24 May The pros and cons of WordPress
For my class in Digital Communication Systems at Syracuse University.
WordPress and I have a long history together. It started years ago when I decided to redesign the Press Club of Long Island‘s website from scratch, taking it from simple HMTL pages that had to be updated by someone with pretty sophisticated coding skills to a system that could be transferred over time to different administrators, and multiple contributors, with relative ease.
It took me a good two weeks of head-down studying the WordPress.org system to get a working site up and running. The result was a vast improvement, based on a purchased template, with content we provided regularly.
That site has been redesigned on WordPress several times, and I’ve since designed multiple WordPress sites.
As the system has matured, so has its capabilities, including the use of plugins to amplify a site’s ability and do critical multimedia and payment functions.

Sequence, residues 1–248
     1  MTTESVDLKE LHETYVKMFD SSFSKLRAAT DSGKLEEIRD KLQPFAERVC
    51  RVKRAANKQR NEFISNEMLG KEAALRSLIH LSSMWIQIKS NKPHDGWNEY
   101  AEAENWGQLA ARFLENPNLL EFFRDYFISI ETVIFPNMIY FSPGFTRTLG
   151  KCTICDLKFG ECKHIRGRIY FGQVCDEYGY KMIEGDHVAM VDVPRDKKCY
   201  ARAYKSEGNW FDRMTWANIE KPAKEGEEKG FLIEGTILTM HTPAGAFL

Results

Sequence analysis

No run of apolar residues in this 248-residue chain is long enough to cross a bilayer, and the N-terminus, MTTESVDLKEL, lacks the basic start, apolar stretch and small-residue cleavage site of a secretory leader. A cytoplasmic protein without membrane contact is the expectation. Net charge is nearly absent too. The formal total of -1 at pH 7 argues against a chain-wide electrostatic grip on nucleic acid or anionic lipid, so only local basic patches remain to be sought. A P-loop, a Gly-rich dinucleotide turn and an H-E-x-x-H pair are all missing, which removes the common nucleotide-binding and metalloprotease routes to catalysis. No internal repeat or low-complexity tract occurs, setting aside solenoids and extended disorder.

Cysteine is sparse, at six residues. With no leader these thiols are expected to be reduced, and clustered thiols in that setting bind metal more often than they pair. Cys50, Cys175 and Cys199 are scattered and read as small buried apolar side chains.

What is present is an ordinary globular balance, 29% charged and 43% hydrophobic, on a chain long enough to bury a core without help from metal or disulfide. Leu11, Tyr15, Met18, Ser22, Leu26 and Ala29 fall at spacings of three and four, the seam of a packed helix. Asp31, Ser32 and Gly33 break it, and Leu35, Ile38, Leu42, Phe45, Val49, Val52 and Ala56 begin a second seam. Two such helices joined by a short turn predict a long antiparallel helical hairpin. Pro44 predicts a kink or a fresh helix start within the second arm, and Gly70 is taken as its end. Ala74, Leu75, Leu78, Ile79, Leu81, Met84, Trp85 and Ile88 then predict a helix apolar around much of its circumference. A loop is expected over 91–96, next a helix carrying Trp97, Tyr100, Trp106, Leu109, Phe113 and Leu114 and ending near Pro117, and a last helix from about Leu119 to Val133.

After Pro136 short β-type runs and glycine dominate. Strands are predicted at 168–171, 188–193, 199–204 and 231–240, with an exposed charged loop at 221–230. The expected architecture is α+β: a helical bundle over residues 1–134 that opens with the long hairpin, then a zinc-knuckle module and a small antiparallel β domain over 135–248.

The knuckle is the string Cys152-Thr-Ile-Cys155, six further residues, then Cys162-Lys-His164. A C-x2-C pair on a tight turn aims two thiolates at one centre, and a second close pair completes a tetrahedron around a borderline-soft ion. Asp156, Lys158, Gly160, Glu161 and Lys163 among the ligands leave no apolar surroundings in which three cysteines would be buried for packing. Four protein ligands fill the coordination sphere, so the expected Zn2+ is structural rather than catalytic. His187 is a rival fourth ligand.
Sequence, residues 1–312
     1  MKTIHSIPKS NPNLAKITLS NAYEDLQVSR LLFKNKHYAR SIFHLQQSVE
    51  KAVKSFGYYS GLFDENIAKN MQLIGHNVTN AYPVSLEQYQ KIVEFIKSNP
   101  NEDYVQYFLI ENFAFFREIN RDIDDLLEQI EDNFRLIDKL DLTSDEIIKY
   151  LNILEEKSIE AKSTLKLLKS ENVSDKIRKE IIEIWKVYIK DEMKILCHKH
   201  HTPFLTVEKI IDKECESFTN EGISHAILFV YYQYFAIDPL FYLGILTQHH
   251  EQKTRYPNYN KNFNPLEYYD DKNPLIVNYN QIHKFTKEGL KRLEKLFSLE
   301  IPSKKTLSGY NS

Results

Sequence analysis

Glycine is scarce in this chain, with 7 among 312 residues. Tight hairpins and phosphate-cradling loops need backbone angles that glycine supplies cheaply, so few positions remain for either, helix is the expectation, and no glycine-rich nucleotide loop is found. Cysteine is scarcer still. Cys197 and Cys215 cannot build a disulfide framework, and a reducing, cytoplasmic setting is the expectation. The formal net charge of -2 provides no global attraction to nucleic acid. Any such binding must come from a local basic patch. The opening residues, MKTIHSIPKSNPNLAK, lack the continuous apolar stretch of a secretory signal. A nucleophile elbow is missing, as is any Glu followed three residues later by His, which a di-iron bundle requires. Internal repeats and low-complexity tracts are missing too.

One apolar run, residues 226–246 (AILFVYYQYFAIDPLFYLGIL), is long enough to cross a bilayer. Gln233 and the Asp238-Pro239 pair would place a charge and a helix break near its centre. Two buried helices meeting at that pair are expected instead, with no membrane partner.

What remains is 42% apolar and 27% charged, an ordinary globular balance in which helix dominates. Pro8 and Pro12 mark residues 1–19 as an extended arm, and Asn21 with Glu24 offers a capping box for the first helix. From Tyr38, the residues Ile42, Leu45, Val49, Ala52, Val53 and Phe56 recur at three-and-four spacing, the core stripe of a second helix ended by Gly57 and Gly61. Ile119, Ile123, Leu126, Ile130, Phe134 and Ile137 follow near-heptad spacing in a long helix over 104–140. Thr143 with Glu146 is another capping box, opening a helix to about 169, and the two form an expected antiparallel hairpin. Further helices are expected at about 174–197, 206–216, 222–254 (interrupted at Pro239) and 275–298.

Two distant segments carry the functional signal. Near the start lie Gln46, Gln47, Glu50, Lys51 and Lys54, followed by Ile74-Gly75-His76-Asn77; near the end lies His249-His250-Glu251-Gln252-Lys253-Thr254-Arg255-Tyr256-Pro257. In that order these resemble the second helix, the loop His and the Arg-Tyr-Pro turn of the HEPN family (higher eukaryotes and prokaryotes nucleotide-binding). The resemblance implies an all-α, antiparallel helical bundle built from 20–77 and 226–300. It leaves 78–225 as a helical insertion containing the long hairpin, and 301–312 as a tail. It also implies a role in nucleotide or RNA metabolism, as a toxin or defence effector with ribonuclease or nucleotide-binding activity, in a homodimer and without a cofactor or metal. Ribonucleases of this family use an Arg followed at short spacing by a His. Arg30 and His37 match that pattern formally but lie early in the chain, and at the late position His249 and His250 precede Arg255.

Can it handle big sites? Well, it has done so for years, including with CNN sites, and many local ones.
Among the drawbacks are the need to regularly keep up with updates to plugins and to the WordPress platform itself. You are also susceptible to spam with the wrong plugins.
A blog I follow
One of my favorite blogs is Mashable because it easy to navigate and is centered on content that interests me. It also goes beyond the simple listicle format and can be truly informative. Design-wise, I like that it makes white space a friend while putting images and multimedia to good use.